Do herbs help or harm an enlarged prostate?


As men grow older, there’s a good chance they will have to deal with the hassle of an enlarged prostate.  The prostate, a walnut-sized gland situated below the bladder, has a tendency to grow larger over the years as a man ages.  As the prostate gland grows, a man can experience annoying symptoms of frequent urination along with excessive urination at night, dribbling after urination, urinary urgency, urinary leaking, and a sense of not emptying the bladder completely after urinating.

The medical term for an enlarged prostate is benign prostatic hyperplasia (BPH).  BPH is when the prostate cells proliferate causing the gland to grow slowly which eventually will begin to press on the bladder and part of the urethra.  As the prostate grows, this is what leads to the symptoms of BPH making life unbearable at times for a man causing him to seek out what treatment methods are available.  About 50 percent of all men over the age of 50 will have symptoms of BPH while men over 80 have a 90 percent chance of having the condition.  The symptoms of BPH can vary from man to man and can worsen over time as the prostate gland continues to enlarge.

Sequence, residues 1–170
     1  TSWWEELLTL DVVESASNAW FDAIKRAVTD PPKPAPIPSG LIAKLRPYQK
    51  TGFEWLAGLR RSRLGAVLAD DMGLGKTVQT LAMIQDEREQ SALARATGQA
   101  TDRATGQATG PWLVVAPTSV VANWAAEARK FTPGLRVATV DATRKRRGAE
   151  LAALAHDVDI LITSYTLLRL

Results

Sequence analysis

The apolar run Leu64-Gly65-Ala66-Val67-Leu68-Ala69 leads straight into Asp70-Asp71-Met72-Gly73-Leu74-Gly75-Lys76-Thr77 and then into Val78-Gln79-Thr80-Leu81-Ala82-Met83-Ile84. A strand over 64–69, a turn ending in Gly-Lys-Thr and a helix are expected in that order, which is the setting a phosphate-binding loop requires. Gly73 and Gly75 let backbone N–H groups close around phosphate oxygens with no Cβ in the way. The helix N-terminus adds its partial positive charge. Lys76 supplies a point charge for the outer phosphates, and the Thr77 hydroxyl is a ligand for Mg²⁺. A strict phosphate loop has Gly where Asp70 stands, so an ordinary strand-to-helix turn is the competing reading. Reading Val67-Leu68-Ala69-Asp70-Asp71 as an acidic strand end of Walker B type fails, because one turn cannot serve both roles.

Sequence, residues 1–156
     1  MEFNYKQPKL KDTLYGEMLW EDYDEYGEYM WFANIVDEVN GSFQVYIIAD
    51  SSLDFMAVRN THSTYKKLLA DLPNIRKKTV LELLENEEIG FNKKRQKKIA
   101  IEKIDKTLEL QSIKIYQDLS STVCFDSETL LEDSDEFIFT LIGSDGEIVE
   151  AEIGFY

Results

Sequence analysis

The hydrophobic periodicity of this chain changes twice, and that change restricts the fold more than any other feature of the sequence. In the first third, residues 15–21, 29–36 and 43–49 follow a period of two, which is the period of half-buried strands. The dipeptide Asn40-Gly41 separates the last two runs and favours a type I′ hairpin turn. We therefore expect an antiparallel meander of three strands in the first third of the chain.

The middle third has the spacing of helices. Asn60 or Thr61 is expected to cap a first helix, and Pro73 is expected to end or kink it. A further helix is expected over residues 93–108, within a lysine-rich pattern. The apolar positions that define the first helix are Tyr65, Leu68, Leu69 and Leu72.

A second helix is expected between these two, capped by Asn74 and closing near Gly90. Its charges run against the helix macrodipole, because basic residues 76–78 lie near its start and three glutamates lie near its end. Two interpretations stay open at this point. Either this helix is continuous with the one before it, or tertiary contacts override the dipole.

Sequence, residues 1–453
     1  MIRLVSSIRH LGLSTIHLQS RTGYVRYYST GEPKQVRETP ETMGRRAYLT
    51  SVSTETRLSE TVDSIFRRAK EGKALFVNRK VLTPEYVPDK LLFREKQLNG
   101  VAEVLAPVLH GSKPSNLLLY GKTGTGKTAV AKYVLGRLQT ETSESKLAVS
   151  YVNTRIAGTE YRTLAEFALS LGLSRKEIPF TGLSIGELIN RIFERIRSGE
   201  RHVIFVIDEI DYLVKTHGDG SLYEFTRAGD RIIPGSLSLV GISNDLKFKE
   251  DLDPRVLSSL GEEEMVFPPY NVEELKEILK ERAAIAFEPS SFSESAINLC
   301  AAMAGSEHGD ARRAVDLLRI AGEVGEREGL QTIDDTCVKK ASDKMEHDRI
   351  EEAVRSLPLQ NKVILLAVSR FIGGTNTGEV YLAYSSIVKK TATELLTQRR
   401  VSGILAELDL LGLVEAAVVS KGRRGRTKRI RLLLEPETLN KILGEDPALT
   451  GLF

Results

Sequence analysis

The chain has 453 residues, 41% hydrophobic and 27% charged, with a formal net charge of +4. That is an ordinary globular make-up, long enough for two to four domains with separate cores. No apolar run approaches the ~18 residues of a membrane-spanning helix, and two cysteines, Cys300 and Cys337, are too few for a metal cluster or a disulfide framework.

When a man is not getting a good night’s sleep due to frequent nighttime bathroom trips or worries he may dribble or leak while in public, BPH can make life miserable enough for men to want to try almost anything.  It is not unusual that health food stores and pharmacies who advertise supplements for “men’s health” are often referring to care of the prostate.

One remedy for BPH that has been around for centuries and practiced regularly in Chinese and Japanese medicine is the use of herbs to treat the urinary symptoms associated with an enlarged prostate. Around the world, other countries such as Germany, France, and Austria, have turned to herbs as a first-line treatment for mild to moderate urinary symptoms of BPH. 

The effectiveness and safety of herbs for BPH

Are herbs a safe and effective treatment for reducing the symptoms of BPH?  Many of the studies conducted on herbs used for BPH have insufficient evidence or the supplements are proprietary formulas in which the manufacturers have sponsored the research making it difficult to judge their objectivity and comparisons with other products.

Whether herbs are helpful or harmful is hard to say.  In the meantime, here are herbs that are commonly promoted and perhaps even recommended by some doctors:

·      Saw palmetto

Coming from the American saw palmetto plant, this herbal extract from the plant’s purple berries may help shrink the prostate and improve urinary symptoms by reducing the activity of the enzyme 5-alpha-reductase, similar to how medication such as finasteride and dutasteride work.

Even though research on saw palmetto has had inconsistent results, the Natural Standard which evaluates dietary supplements gave it an “A” rating with regard to showing improvements of BPH.  However before a man decides to stock up on saw palmetto supplements, other studies have a different view.  In 2011, the American Medical Association found that at three times the standard 320-milligram dose, saw palmetto did not reduce prostate symptoms.  A review by the Cochrane Collaboration in 2012 looked at 32 controlled clinical trials on men with BPH and concluded that saw palmetto did not improve urine flow.